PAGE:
Stenting at the right ventricular outlet is also one of the common methods to increase the oxygen saturation of these patients, which can be used along with other methods such as shunt implantation or DS.[10],[11] Today, DS despite being a new method has a significant place in the treatment of cyanotic CHD patients, and more operators are willing to do this procedure this method can be done using different paths such as the femoral or axillary approach.[7],[12]

The evaluation of new methods and comparing them with previous methods provide new treatment strategies that are relatively safe and easy and can reduce the mortality and morbidity of different methods.[13],[14],[15],[16]

This study aimed to present our experience with PDA stenting as a choice for BT-shunt in ductal-dependent cyanotic heart disease patients and compare the results and complications of DS and BT shunt implantation in this center and compare to other studies.

   Materials and Methods Top

This was a prospective cross-sectional study performed in the Shahid Chamran hospital affiliated with Isfahan University of Medical Science, between 2012 and 2020. Demographic data such as sex, age, weight, and the presence of other congenital or genetic diseases in both groups were collected. This study was approved by the Ethics Committee of the Isfahan University of Medical Science. The parents of the patients participating in this study were given a full explanation of how to perform the intervention and its side effects, and the parents were informed to enter this study and sign for consent.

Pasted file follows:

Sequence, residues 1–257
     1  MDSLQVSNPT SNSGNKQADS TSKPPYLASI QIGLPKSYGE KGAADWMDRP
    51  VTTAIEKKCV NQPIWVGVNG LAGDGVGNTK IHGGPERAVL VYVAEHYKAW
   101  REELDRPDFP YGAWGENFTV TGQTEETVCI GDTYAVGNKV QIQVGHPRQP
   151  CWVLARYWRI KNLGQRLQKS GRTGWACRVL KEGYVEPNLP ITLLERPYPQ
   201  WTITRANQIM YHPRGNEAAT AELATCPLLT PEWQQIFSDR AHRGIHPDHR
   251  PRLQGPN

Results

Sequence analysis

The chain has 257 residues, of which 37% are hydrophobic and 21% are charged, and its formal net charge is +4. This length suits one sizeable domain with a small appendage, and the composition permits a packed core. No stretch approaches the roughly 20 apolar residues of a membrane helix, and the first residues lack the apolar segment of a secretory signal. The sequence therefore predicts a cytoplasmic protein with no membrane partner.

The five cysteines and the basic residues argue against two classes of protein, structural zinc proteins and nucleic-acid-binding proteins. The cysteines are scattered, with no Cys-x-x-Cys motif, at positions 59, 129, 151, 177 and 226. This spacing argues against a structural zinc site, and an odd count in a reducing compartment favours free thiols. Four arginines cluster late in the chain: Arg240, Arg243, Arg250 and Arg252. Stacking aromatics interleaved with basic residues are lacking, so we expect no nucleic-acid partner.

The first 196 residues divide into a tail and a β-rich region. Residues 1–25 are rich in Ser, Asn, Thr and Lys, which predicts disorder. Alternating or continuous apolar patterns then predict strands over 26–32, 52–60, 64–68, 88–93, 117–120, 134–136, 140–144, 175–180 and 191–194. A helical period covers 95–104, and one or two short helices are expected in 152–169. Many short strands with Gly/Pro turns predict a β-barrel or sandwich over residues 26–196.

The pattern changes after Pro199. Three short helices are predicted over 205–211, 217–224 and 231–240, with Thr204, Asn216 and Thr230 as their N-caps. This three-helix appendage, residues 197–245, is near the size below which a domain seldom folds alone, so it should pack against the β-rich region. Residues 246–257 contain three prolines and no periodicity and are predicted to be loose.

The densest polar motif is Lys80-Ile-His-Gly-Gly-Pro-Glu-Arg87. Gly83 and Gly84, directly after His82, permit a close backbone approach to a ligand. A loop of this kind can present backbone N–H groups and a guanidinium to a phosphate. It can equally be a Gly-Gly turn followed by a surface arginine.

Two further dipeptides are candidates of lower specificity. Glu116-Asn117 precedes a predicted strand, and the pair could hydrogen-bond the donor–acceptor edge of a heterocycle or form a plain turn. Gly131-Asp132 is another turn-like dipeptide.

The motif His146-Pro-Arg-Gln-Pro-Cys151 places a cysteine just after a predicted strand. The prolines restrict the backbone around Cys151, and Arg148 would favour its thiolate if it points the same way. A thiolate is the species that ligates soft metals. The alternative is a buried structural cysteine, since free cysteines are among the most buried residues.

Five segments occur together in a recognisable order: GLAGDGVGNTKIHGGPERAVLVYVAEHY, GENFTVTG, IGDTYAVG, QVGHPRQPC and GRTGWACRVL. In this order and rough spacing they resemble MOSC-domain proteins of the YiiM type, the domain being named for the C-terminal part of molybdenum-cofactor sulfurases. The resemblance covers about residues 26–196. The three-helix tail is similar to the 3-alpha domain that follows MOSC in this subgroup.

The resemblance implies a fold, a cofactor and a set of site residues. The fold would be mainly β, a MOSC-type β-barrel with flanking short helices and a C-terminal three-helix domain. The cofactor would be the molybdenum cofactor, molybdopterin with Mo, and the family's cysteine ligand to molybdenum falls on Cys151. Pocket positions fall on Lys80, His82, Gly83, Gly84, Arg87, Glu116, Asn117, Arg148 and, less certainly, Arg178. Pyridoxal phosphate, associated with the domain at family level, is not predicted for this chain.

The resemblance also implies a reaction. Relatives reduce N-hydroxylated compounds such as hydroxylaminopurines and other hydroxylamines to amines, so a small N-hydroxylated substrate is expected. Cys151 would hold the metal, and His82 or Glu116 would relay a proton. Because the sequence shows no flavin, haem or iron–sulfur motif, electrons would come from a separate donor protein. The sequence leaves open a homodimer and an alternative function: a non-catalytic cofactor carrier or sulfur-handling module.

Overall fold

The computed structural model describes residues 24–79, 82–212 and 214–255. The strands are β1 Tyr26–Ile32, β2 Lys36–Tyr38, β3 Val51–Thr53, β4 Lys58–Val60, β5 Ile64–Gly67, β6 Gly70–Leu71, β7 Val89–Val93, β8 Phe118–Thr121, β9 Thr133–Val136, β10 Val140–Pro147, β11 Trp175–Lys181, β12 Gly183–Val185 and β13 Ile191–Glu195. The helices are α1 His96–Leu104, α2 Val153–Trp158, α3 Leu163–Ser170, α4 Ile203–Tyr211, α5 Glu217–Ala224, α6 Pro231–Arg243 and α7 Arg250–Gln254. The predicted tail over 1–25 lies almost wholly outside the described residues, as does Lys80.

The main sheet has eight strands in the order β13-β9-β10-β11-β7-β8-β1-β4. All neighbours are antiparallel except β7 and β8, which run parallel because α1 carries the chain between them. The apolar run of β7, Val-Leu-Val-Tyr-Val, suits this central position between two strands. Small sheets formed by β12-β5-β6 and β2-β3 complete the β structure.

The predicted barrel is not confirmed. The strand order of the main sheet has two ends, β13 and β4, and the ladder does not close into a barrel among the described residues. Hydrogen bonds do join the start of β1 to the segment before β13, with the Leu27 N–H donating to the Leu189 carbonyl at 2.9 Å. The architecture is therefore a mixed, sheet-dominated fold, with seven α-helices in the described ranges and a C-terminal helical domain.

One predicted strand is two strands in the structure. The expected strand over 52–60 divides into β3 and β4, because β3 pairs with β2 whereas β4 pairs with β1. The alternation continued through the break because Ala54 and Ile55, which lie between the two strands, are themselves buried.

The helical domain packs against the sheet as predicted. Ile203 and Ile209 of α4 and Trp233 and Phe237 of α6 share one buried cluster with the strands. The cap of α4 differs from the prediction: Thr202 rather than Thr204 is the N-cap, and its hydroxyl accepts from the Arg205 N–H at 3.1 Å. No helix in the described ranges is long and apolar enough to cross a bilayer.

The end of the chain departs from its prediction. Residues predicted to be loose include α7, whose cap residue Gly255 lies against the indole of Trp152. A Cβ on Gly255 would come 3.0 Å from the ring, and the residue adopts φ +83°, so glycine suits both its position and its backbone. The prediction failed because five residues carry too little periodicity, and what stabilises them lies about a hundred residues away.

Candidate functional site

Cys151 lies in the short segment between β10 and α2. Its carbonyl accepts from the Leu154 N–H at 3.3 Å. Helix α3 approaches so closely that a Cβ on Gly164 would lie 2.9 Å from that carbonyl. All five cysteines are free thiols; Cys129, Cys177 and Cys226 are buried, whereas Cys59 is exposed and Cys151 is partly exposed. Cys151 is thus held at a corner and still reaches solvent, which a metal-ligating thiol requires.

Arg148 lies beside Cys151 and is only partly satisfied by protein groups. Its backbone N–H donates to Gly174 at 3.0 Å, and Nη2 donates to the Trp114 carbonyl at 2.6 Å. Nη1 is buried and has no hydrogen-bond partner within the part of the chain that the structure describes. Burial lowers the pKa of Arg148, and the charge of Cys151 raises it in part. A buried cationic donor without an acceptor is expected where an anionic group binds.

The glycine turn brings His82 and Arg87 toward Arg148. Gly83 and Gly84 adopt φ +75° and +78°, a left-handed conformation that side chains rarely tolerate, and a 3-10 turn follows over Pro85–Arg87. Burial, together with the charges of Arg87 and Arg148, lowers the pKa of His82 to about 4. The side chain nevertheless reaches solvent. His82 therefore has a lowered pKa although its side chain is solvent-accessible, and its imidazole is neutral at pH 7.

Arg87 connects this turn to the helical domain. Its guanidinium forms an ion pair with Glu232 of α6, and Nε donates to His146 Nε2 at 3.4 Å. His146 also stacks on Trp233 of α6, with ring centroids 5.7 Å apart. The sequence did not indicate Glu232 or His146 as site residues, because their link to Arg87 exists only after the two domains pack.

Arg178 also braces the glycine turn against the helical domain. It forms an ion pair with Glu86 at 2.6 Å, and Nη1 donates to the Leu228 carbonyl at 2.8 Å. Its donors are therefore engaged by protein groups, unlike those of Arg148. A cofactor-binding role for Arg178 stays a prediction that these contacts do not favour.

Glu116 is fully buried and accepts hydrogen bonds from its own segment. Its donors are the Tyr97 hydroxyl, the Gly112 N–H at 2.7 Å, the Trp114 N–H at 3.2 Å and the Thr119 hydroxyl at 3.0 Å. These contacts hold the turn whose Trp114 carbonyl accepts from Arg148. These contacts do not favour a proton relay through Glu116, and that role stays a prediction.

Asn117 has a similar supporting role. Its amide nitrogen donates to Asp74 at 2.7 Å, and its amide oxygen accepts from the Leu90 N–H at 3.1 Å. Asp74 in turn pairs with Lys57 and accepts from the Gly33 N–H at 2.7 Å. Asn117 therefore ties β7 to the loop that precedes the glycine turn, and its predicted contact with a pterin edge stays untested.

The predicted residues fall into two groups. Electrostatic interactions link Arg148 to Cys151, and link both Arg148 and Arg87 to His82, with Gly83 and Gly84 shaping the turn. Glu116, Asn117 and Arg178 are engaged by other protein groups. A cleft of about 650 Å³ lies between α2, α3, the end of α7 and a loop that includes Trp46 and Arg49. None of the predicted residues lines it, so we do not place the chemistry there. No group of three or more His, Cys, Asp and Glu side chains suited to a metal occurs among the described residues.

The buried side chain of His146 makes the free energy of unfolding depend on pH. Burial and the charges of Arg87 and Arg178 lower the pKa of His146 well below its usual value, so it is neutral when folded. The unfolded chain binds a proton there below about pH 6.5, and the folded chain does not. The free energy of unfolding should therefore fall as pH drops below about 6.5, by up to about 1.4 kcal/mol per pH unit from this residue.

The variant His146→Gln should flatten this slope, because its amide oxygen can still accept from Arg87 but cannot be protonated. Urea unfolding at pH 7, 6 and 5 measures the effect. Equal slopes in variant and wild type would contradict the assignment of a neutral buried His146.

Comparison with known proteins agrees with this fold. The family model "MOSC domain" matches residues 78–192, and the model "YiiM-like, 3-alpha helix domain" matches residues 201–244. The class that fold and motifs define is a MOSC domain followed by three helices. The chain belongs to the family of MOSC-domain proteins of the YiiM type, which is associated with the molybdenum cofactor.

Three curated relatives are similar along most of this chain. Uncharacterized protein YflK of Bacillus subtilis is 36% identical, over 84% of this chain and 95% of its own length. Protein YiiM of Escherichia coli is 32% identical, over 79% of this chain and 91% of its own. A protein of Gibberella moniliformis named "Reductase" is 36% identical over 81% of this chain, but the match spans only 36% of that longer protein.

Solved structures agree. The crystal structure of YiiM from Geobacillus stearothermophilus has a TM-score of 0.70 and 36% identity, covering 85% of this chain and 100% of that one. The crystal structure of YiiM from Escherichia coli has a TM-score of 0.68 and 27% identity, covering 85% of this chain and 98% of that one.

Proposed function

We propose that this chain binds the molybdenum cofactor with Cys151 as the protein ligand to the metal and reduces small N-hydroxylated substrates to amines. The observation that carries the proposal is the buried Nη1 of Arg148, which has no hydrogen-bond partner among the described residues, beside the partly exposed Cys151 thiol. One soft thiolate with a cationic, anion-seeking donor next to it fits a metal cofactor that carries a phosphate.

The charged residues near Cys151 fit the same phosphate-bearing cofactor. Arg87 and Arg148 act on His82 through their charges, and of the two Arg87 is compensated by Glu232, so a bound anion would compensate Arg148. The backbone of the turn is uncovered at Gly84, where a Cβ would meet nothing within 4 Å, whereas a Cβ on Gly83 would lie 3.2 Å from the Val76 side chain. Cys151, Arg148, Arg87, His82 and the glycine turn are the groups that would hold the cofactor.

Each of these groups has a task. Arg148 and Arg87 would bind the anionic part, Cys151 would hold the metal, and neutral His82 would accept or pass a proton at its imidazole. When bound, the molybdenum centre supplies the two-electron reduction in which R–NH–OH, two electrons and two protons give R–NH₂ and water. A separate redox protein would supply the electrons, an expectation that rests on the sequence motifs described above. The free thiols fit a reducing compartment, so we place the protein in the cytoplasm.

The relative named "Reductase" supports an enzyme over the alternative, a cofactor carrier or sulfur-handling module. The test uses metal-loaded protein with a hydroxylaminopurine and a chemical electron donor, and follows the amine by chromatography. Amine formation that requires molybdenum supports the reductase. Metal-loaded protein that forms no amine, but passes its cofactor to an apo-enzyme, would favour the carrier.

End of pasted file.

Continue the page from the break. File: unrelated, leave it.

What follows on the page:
Thirty-six infants with ductal-dependent cyanotic CHDs were included with complete data. Our strategy is to offer PDA stenting in infants <2 months old and in infants older than 2 months, a BT shunt was performed.

Inclusion criteria

  1. Infants with cyanotic CHD disease who had arterial blood oxygen saturation <75%
  2. Age <6 months
  3. Weight <6 kg.

Exclusion criteria

Urgent need for surgical approach. If the file did not have the necessary data for this study.

Pre-operation diagnosis based on echocardiographic and angiographic data are listed in the table.[3]